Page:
First-time jobless benefit claims last week rose to their highest level since the week ending November 14, according to the US Labor Department. The new jobless benefit numbers, together with other data, show that there is no economic recovery for the broad ranks of American workers.
Initial jobless claims increased by 22,000 to 496,000 for the week ending February 20. Economists had anticipated a decline of 13,000 over the previous week, to 461,000. The Labor Department has now registered increases in initial unemployment benefit applications in six of the last eight weeks.
The Labor Department’s four-week moving average of first-time jobless claims, which is meant to iron out weekly anomalies in the data, also rose to by 6,000 to 473,750, the highest rate in three months. Any figure over 400,000 shows a deteriorating employment situation.
“The progress toward an ‘improving’ labor market climate (initial claims below 400,000)—as opposed to a ‘less-bad’ climate—has come to a halt,” concluded Ken Mayland of ClearView Economics.
Continuing claims—by unemployed workers who have received more than a week’s jobless benefits—rose by 6,000 to 4.62 million for the week ending February 13, and the four-week average of continuing claims also rose to 4.6 million.
The number of unemployed workers collecting extended benefits sponsored by the federal government, a statistic that is not seasonally adjusted, dropped by 320,000 to 5.68 million. This decline is largely attributable to workers having exhausted extended benefits prior to Congress approving another extension.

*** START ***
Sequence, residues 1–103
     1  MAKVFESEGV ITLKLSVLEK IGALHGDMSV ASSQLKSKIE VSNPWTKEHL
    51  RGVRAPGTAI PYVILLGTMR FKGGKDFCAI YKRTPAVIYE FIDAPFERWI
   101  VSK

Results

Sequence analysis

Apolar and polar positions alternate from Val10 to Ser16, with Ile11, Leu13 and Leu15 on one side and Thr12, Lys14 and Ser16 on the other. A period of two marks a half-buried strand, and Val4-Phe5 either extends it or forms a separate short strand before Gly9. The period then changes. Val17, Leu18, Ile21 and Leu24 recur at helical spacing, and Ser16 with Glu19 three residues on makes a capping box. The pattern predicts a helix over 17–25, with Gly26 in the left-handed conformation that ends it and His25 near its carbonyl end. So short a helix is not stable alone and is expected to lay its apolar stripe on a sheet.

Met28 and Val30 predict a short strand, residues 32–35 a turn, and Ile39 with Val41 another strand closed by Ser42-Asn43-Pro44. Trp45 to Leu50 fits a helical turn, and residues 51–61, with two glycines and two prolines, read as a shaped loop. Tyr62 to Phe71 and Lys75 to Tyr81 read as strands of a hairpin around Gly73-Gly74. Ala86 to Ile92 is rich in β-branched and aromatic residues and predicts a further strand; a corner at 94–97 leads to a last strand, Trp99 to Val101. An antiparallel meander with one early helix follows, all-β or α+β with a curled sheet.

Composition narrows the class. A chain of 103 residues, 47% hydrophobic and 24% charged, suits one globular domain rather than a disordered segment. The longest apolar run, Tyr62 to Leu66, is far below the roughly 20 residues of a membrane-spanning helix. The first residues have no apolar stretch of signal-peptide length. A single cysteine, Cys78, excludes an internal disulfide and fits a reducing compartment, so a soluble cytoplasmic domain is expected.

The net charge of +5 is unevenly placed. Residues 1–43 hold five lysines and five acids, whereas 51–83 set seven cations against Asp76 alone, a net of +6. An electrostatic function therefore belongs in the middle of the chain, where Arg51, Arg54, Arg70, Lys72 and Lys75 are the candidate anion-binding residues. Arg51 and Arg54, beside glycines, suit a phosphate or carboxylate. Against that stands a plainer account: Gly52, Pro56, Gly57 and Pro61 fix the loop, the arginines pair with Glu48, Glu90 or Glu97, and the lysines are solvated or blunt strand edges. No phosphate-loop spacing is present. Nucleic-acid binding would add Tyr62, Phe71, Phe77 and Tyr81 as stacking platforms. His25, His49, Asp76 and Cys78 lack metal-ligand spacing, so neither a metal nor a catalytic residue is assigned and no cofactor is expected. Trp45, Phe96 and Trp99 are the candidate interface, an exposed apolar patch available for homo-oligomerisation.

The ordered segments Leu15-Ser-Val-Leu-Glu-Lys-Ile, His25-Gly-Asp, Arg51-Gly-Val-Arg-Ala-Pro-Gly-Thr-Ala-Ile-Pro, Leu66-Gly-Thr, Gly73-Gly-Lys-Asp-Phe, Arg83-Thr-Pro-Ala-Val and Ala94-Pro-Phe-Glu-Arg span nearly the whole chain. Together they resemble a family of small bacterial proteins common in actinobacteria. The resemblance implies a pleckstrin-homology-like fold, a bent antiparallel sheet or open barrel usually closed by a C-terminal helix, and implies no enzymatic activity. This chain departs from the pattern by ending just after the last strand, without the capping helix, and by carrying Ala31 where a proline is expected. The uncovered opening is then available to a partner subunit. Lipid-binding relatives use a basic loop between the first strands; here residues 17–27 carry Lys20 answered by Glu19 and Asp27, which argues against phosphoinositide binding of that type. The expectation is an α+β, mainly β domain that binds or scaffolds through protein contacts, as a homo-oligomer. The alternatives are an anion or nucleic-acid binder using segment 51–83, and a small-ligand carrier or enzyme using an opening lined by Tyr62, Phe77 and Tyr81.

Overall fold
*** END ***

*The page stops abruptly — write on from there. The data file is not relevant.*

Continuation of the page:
More major layoff announcements came this week. The New York City Transit Authority said it will eliminate over 1,000 jobs, and Jackson Memorial Hospital in Miami, Florida, announced a cut of up to 1,000. Continental Airlines will eliminate the positions of 600 reservation agents, and the business consulting firm Innovative Consultants will lay off 287 workers, both cuts coming in Houston, Texas. ABC News said it will eliminate between 300 and 400 jobs.
The San Francisco public school district moved to lay off more than 900 teachers and staff; aircraft maker Boeing will lay off 527 workers in Washington state by the end of April; Jersey City, New Jersey, laid off 279 workers; a new budget for Sacramento County, California, will cut the jobs of 111 city workers; airplane engine maker Pratt and Whitney will cut 163 jobs from its East Hartford, Connecticut, plant; and a Bunge soy bean processing plant will lay off 100 workers in Danville, Illinois.